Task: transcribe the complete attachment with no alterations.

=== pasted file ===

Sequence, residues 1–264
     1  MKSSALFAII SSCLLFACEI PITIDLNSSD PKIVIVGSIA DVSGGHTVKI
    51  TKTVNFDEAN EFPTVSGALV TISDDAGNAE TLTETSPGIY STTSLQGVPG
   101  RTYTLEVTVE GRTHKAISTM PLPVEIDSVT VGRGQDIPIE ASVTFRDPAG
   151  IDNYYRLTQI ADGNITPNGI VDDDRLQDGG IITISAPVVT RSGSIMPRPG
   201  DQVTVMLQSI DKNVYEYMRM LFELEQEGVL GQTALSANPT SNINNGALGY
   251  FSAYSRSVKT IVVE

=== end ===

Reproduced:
Sequence, residues 1–264
     1  MKSSALFAII SSCLLFACEI PITIDLNSSD PKIVIVGSIA DVSGGHTVKI
    51  TKTVNFDEAN EFPTVSGALV TISDDAGNAE TLTETSPGIY STTSLQGVPG
   101  RTYTLEVTVE GRTHKAISTM PLPVEIDSVT VGRGQDIPIE ASVTFRDPAG
   151  IDNYYRLTQI ADGNITPNGI VDDDRLQDGG IITISAPVVT RSGSIMPRPG
   201  DQVTVMLQSI DKNVYEYMRM LFELEQEGVL GQTALSANPT SNINNGALGY
   251  FSAYSRSVKT IVVE